Using ESP8266 GPIO0/GPIO2/GPIO15 pins
by Matthew Ford - 18th January 2021 (originally
posted 20th July 2015)
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All rights reserved.
ESP8266 is a low cost wifi enabled chip. It comes in a variety of module types and can be programmed in a variety of ways.
All modules make GPIO0 and GPIO2 accessible. Most modules, other than ESP8266-01, also make GPIO15 accessible. These GPIO's control how the module starts up and as such require special handling if they are to be used at all. GPIO6-GPIO11 also require special treatment as described below
programming the ESP8266 using the Arduino IDE (see ESP8266-01
Wifi Shield) you sometimes (often) get an error messages in the
Arduino IDE like
esp_com open failed
error: Failed to open COM33
error: espcomm_open failed
error: espcomm_upload_mem failed
In that case follow these steps to get it working:-
Check you have ESP8266 board selected in the Arduino Tools menu
Check you have selected a COM port in the Arduino Tools menu
Power cycle the ESP8266 with GPIO0 grounded (clean power application, see below)
If 3) does not fix it, unplug the USB cable from the computer wait few secs and plug it back in
If 4) does not fix it, uplug USB cable from PC, close Arduino IDE, open Arduino IDE, plug USB cable back in.
When you apply power to the ESP8266, after grounding GPIO0, make sure it is applied cleanly. Don't jiggle the connection. The ESP8266 led should just come on and stay on without any flashes.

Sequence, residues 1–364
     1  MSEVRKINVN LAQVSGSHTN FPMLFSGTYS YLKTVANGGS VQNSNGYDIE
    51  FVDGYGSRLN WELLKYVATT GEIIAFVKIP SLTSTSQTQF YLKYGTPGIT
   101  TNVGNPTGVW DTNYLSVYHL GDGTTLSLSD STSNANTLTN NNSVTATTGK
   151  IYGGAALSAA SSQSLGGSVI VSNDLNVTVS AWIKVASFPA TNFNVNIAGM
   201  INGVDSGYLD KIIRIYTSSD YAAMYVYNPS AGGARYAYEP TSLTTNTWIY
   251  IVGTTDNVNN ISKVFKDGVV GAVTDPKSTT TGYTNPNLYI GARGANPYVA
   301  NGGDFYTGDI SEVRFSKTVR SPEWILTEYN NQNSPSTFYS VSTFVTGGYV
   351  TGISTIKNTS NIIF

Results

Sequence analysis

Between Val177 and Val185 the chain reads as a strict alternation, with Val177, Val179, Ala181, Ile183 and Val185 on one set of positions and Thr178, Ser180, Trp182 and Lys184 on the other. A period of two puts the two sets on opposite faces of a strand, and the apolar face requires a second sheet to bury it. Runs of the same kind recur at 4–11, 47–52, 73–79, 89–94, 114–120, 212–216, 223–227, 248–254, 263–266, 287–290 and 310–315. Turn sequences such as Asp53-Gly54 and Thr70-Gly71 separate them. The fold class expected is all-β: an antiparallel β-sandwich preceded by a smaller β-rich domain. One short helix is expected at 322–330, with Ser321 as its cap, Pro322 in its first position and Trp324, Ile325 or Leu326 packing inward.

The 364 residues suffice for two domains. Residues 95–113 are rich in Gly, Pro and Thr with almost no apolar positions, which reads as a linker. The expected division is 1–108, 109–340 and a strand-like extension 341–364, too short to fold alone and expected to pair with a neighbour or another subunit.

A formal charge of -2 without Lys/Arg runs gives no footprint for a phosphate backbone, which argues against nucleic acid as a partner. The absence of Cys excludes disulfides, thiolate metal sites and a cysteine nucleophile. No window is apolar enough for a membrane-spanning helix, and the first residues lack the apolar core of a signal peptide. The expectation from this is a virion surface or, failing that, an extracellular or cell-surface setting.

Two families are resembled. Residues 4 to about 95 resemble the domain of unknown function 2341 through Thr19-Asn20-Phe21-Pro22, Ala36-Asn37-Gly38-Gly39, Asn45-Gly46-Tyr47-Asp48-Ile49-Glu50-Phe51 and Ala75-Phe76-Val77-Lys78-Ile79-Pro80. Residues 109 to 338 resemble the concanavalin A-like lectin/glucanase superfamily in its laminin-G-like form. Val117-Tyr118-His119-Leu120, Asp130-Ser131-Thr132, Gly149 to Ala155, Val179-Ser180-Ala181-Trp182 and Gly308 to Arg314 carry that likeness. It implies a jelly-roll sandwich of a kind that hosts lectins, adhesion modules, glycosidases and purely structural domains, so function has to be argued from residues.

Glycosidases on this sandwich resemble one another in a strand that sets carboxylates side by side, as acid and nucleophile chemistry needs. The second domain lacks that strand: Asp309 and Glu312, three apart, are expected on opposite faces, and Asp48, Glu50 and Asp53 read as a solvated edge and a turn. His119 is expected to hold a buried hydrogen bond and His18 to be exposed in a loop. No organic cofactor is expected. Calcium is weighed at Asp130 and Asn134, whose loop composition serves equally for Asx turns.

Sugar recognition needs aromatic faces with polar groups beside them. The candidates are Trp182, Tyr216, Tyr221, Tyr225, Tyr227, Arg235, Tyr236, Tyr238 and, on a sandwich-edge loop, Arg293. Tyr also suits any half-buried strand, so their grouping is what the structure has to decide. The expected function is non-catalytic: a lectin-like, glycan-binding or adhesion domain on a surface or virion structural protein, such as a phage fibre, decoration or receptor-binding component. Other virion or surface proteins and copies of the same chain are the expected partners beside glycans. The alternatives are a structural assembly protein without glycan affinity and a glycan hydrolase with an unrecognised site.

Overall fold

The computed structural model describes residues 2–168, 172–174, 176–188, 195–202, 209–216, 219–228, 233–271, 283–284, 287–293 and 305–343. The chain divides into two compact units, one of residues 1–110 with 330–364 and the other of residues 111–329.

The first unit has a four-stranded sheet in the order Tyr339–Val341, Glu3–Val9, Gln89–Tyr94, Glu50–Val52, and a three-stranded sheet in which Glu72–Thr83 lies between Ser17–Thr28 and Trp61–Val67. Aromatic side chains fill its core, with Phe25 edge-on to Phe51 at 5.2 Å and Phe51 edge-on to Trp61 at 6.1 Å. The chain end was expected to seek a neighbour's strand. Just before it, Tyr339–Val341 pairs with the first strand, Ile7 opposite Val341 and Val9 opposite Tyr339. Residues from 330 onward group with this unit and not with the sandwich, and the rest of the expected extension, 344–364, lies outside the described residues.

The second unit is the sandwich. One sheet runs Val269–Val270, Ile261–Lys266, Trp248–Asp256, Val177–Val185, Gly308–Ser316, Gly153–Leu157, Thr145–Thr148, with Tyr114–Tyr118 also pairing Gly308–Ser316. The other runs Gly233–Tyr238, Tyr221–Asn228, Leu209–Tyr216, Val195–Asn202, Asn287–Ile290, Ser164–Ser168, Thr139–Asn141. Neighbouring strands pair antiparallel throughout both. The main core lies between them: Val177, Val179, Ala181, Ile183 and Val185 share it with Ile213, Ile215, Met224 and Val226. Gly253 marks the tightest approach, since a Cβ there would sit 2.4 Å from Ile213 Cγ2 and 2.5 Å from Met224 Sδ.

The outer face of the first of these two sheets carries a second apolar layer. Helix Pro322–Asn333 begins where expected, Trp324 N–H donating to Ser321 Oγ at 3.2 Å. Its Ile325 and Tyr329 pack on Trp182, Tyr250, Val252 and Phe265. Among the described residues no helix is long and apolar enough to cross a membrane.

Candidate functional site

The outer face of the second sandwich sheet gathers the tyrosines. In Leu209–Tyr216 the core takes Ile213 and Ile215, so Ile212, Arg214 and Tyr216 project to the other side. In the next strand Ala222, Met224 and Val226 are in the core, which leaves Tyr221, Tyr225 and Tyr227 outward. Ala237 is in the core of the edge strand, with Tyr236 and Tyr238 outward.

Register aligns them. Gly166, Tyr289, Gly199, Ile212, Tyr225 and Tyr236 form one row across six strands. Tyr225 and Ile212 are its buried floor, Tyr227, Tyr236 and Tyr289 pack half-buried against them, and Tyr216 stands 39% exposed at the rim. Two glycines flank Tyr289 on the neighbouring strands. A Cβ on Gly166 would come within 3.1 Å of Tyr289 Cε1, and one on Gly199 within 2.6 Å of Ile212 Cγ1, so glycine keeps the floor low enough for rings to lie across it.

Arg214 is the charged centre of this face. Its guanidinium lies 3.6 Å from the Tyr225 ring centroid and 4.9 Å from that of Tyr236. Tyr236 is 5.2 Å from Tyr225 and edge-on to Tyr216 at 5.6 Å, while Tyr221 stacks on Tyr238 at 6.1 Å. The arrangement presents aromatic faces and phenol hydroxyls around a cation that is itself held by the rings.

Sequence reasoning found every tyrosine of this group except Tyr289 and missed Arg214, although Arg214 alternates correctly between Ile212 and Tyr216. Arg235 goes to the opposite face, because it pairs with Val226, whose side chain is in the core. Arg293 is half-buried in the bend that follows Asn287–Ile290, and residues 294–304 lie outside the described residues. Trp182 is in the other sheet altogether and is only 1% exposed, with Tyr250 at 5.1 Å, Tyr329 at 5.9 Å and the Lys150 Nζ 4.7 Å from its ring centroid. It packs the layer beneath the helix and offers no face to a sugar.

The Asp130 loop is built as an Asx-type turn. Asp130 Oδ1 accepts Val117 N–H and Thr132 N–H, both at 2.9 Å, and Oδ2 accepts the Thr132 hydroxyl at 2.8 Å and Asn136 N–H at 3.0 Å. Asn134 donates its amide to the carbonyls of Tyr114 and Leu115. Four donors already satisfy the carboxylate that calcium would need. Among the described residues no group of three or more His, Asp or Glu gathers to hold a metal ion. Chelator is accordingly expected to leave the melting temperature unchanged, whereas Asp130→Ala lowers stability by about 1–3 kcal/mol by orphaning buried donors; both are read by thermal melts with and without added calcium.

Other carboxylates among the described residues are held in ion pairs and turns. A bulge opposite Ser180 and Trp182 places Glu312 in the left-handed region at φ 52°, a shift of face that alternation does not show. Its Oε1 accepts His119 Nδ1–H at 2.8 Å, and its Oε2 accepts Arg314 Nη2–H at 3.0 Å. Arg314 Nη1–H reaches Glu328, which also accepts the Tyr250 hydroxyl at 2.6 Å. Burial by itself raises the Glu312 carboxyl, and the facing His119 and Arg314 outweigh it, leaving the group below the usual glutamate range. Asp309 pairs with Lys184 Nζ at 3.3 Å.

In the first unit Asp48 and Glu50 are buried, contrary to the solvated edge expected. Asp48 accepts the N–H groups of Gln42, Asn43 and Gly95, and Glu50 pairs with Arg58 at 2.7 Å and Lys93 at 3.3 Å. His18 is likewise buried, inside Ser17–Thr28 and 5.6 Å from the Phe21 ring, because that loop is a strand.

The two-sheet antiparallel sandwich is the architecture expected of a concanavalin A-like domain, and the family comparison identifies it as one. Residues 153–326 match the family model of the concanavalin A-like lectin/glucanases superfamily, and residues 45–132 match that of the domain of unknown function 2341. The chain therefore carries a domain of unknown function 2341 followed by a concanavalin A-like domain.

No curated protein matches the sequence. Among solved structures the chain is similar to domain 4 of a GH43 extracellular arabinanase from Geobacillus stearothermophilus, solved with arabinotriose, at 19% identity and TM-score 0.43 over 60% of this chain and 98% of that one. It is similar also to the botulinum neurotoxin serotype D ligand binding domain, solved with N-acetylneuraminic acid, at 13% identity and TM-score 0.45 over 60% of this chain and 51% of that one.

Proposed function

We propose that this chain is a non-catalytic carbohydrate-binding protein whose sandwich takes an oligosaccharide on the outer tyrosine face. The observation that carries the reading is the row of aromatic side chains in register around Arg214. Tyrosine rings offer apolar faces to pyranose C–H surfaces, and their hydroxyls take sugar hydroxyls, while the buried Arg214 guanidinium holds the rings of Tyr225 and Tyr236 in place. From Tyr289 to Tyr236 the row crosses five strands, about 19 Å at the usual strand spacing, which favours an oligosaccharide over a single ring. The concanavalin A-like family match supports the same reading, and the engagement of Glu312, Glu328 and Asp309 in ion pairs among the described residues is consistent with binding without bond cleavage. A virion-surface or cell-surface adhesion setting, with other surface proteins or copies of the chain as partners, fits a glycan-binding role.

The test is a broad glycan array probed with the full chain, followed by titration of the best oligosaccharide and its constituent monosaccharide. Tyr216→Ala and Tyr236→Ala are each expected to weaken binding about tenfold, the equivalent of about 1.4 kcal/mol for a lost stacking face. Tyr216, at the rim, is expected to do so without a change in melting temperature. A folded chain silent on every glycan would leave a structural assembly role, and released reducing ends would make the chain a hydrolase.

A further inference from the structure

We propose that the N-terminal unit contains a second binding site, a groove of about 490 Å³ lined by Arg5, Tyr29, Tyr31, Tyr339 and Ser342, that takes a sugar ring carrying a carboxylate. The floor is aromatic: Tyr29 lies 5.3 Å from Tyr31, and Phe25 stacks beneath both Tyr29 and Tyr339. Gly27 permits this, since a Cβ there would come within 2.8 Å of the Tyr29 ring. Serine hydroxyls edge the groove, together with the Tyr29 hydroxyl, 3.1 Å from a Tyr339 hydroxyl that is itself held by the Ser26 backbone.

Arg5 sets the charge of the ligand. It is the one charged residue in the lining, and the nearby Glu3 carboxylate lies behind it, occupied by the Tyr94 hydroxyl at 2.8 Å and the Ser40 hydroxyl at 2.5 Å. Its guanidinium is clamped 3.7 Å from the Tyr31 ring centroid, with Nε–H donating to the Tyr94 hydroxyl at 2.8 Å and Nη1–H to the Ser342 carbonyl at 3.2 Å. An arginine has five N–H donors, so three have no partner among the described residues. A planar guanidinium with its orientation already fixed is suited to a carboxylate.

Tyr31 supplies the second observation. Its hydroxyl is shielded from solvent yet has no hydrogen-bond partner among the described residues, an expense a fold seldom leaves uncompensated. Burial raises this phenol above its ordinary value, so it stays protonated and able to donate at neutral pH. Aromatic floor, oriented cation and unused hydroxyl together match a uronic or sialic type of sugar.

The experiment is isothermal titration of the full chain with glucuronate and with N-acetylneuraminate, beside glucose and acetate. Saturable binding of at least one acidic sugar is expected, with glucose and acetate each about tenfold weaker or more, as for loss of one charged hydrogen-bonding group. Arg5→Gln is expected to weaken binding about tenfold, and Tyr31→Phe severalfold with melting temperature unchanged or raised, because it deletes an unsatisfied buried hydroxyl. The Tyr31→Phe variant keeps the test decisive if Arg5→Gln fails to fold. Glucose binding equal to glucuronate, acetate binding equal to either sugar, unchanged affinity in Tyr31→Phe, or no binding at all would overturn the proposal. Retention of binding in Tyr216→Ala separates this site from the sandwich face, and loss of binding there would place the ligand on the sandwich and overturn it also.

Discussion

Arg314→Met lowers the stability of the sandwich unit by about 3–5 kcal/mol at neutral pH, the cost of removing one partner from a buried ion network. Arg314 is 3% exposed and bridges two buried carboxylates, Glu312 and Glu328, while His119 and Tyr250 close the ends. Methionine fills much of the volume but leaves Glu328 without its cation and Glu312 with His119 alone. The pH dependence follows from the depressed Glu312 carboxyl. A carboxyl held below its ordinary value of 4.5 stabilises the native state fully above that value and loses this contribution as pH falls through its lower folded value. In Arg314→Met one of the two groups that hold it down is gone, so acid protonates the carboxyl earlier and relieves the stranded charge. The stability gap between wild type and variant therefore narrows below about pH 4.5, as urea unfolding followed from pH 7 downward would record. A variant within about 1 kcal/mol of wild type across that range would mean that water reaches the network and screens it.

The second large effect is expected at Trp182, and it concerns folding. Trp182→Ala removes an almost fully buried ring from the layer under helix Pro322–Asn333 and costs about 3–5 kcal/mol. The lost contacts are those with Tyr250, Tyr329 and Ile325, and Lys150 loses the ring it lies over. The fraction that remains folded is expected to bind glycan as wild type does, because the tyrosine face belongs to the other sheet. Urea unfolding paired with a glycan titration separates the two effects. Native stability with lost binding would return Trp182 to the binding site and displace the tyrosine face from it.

Most ESP8266 boards have a flash chip connected to some or all of GPIO6-GPIO11. Most programs use flash memory, as well as RAM, so unless you specifically make sure your code only runs from RAM, you can't use these pins for other purposes.
The exact number of pins used in the range GPIO6 to GPIO11 depends on the type of flash hardware used on your module. Quad IO uses 4 lines for data (6 pins total) for up to 4 times the speed of standard. Dual IO uses 2 lines for data (4 pins total) Standard uses a single line for data ( 3 pins total).
Unless you know exactly what your board requires, you are best to just ignore GPIO6 to GPIO11 and do not refer to them from your code.
These pins determine what mode the chip starts up in.
For normal program execution GPIO0 and GPIO2 need to be pulled up to Vcc (3.3V) and GPIO15 needs to be pulled to GND, each with a resistor in the range 2K to 10K resistor. A 2K resistor gives better noise immunity. OLIMEX uses 2K resistors SparkFun uses 10K resistors. I use 3K3 resistors.
The settings of these inputs is only checked during the power up (or reset) of the chip. After that the pins are available for general use, but as discussed below their use is restricted by these external pull up/down resistors.